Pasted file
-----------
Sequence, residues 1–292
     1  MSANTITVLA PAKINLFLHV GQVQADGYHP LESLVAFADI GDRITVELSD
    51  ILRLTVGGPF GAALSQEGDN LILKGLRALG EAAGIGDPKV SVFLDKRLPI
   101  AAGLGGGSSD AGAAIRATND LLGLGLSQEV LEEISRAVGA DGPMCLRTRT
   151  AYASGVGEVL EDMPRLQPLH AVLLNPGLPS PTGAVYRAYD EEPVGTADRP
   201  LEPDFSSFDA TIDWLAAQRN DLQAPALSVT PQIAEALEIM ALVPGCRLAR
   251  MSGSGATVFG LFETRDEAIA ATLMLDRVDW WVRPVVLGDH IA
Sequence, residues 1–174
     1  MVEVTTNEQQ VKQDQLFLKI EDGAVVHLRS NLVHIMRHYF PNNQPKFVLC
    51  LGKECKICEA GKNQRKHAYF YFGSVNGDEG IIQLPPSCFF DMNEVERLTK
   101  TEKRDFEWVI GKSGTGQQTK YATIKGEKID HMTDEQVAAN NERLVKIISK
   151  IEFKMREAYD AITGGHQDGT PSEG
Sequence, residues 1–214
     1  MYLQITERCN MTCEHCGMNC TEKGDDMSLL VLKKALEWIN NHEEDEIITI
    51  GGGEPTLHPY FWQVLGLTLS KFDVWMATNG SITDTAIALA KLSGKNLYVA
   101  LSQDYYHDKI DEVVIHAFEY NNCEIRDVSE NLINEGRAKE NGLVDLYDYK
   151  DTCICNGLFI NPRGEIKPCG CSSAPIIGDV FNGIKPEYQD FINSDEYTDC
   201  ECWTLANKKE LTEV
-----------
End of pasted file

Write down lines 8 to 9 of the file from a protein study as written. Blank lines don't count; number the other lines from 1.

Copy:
Sequence, residues 1–174
     1  MVEVTTNEQQ VKQDQLFLKI EDGAVVHLRS NLVHIMRHYF PNNQPKFVLC